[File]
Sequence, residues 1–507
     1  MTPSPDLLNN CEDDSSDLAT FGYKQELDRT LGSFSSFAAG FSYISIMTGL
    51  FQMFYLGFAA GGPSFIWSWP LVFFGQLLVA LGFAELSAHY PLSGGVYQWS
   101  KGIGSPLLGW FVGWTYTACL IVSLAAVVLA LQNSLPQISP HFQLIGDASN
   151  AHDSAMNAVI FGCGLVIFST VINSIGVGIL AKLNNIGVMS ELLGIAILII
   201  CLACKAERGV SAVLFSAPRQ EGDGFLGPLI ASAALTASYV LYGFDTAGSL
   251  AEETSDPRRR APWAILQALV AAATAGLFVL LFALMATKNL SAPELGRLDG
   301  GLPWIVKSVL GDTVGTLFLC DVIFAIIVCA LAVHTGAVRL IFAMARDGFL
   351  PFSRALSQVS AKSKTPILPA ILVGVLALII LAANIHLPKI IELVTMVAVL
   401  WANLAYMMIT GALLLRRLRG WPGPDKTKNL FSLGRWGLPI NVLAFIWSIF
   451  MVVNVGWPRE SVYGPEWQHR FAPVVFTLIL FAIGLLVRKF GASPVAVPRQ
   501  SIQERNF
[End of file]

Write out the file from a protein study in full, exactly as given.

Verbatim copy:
Sequence, residues 1–507
     1  MTPSPDLLNN CEDDSSDLAT FGYKQELDRT LGSFSSFAAG FSYISIMTGL
    51  FQMFYLGFAA GGPSFIWSWP LVFFGQLLVA LGFAELSAHY PLSGGVYQWS
   101  KGIGSPLLGW FVGWTYTACL IVSLAAVVLA LQNSLPQISP HFQLIGDASN
   151  AHDSAMNAVI FGCGLVIFST VINSIGVGIL AKLNNIGVMS ELLGIAILII
   201  CLACKAERGV SAVLFSAPRQ EGDGFLGPLI ASAALTASYV LYGFDTAGSL
   251  AEETSDPRRR APWAILQALV AAATAGLFVL LFALMATKNL SAPELGRLDG
   301  GLPWIVKSVL GDTVGTLFLC DVIFAIIVCA LAVHTGAVRL IFAMARDGFL
   351  PFSRALSQVS AKSKTPILPA ILVGVLALII LAANIHLPKI IELVTMVAVL
   401  WANLAYMMIT GALLLRRLRG WPGPDKTKNL FSLGRWGLPI NVLAFIWSIF
   451  MVVNVGWPRE SVYGPEWQHR FAPVVFTLIL FAIGLLVRKF GASPVAVPRQ
   501  SIQERNF